Nicknamed “Patent leather kid with new penny eyes”, the Bombay Cat was originally made to resemble a smaller, miniaturized version of the black panther. The all-black fur coating is beset by curious eyes that assume the color of copper or gold.
The first thing you’ll notice is the rich, midnight coating, followed by the strikingly huge button eyes. These cats look perpetually surprised at everything they see, which gives them a somewhat comical aspect. They are closely related to the Burmese breed because of the coat, with the Bombay having longer legs and a larger, longer physique.
Thinking of adopting a Bombay for your home? This breed is the perfect choice. Family members will definitely endear themselves with the cat and become attached to the quirky personality it can bring your household.
History of the Bombay Cat
Bombays actually originated in Louisville, Kentucky and not Bombay, India. Early breeders took a few paths to get the Bombay cat to where it is now. During the 1950s, a breeder named Nikki Horner bred the midnight cat by crossing black American shorthairs with sable Burmese. In Britain, black domestic cats were crossed with Burmese. After trial and error, breeders achieved a smaller version of the famed wild cat, the black panther.
This breed got its name from the sea side city in India. Black panthers are commonly found in India, and Nikki Horner thought that it made a good connection to show where they got the breeding inspiration from.
In 1979, Bombay cats were officially recognized by the CFA, or Cat Fanciers Association and entered in the largest association of pedigreed and registered cats. Moreover, the midnight cat was entered into the annals of the ICA, or International Cat Association and similar registries.
Size of the Bombay Cat
This breed is well-muscled and have a solid frame. Picking one up will belie the fact that they weigh heavier than they look. But don’t mistake Bombay cats for being slow because they can be quite agile when they want to.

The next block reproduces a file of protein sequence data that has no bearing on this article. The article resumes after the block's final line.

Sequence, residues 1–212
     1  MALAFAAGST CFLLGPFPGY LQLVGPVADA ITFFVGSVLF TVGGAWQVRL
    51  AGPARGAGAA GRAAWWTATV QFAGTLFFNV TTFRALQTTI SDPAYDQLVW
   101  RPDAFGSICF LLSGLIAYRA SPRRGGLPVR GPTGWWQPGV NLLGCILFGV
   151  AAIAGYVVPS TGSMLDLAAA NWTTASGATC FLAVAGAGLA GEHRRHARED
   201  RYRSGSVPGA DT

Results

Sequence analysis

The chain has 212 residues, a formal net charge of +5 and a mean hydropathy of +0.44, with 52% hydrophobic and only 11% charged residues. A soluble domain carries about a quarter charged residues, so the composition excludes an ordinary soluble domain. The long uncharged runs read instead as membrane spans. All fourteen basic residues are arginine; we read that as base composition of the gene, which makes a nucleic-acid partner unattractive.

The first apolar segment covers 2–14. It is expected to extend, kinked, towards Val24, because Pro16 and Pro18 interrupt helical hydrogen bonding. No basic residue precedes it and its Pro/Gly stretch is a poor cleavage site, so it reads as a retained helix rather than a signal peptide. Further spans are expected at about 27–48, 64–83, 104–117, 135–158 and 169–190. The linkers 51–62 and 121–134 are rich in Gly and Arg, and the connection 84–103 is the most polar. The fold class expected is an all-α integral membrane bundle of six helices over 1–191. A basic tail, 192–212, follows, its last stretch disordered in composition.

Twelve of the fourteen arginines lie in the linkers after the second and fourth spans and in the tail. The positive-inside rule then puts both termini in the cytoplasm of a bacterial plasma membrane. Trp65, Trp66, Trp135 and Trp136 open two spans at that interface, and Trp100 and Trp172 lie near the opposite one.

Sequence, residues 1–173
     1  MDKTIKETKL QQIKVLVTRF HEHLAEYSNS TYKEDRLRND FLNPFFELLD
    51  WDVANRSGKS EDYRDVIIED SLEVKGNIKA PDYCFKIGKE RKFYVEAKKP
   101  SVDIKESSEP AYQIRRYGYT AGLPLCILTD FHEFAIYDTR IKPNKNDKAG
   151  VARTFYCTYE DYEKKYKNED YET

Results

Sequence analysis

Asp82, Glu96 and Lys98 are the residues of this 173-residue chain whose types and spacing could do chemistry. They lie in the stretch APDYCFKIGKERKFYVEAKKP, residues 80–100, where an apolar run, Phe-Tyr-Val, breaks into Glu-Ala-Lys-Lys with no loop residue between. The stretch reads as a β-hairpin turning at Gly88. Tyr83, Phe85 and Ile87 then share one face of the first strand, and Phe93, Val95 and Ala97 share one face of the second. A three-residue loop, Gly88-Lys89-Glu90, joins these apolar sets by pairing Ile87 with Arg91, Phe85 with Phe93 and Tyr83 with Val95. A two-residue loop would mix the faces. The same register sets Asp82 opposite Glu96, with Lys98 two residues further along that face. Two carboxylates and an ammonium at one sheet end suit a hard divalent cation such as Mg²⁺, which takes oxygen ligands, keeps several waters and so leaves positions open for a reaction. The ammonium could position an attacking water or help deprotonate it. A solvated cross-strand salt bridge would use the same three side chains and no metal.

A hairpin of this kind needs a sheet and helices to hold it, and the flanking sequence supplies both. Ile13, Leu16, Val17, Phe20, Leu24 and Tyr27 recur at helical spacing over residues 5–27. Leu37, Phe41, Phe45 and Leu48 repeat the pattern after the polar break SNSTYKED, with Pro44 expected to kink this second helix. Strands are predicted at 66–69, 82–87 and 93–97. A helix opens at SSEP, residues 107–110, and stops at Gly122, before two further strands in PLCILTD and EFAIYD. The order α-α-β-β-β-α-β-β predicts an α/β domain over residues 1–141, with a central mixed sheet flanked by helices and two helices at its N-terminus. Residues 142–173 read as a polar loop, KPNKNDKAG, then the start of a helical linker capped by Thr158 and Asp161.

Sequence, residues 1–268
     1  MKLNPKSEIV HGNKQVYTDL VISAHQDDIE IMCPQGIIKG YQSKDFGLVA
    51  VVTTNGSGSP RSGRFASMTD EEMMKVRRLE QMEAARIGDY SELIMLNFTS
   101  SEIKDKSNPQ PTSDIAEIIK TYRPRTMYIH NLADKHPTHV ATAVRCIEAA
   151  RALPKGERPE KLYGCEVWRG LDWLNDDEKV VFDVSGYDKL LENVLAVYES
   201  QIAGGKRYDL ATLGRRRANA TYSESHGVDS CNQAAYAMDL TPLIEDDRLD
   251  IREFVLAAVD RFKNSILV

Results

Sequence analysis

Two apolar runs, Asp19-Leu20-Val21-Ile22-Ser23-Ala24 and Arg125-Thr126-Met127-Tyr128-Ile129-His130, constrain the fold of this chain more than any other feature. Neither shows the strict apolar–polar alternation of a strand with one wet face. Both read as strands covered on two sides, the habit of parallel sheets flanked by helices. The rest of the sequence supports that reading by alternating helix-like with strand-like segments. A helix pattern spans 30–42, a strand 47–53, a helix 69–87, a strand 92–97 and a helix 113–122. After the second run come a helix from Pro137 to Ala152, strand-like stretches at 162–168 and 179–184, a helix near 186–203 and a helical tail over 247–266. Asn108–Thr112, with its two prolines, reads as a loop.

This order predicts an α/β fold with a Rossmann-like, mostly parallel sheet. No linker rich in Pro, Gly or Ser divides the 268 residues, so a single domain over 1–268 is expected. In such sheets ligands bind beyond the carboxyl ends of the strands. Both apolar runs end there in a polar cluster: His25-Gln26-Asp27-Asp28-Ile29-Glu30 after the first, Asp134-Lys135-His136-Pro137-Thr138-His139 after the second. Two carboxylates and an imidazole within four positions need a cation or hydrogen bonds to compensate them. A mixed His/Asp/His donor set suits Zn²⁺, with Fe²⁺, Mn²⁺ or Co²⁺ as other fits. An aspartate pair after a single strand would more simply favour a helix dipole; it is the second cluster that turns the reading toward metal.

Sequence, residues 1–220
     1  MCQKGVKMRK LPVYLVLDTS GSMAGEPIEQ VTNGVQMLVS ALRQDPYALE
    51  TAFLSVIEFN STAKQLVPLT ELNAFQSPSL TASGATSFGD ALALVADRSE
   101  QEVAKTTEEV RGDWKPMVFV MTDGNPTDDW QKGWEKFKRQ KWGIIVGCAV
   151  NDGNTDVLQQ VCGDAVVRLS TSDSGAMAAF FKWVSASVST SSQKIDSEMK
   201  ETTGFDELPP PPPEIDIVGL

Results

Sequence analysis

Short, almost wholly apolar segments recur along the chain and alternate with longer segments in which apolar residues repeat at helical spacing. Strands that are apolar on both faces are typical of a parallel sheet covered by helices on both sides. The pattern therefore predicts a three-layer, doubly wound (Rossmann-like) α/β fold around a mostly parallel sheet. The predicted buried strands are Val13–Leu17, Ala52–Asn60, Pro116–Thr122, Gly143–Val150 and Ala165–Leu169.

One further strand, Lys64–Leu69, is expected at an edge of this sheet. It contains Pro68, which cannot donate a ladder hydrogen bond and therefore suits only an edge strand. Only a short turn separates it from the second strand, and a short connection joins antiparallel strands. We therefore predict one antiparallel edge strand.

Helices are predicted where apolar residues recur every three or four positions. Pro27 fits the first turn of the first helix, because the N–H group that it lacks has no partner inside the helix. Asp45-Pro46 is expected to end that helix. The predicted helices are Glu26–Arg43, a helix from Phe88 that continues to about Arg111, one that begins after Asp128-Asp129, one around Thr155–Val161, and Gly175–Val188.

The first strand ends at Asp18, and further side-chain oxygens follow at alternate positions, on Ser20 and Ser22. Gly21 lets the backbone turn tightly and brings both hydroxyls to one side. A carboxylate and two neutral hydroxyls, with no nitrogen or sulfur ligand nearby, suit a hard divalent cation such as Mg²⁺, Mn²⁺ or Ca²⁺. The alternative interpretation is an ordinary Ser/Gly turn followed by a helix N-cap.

Male Bombays can weigh somewhere around 8 to 11 lbs., with females weighing around 6 to 9 lbs. Moreover, these felines are expected to live somewhere around 13 to 15 years.
Personality of the Bombay Cat
Bombays are quite the endearing type because they’re gentle, affectionate and regard everything around them with a calm demeanor. They’re easygoing and seem to enjoy the company of their human owners more than other cats and pets. Better yet, they appear to be very tolerant and understanding.
Bombays welcome you after a day’s work with a lifted tail and good spirits. Guests and visitors will find them a wonderful delight. Whenever possible, this breed loves to be on the spotlight. They love to look over your shoulder and see what you’re doing and involve themselves by sitting on your lap or sometimes on your shoulder.
They love to rub their short fur around your legs and suddenly leap into your lap for the purpose of attention and maybe some playtime. These cats can also be very talkative at times, communicating with you via purring and sometimes talking back in response to your voice. In the best of times, Bombays play active games with energetic kids, i.e., doing tricks and fetching toys are just some of the activities they do.
A mother Bombay cat will usually have an average of 6 kittens in a litter. Breeders should not think about selling the kittens until they’re fully adjusted to their social environment and have grown physically capable. More than that, it’s the breeder’s responsibility to make sure his or her litter is fully inoculated, vaccinated and properly checked for a clean bill of health. This takes anywhere between 12 to 16 weeks in total.
Bombay kittens have huge eyes that are impossible round. Their eye color turns to orange or copper only after they’re 4 months old. There could also be faint markings such as striping similar to a tabby; this fades as they grow to sexual maturity in about 5 months.
As far as physical growth is concerned, these felines are expected to reach their full physical potential within 2 years’ time. Breeders should make sure the kittens are well-adjusted by grooming and allowing them to socialize at an early age.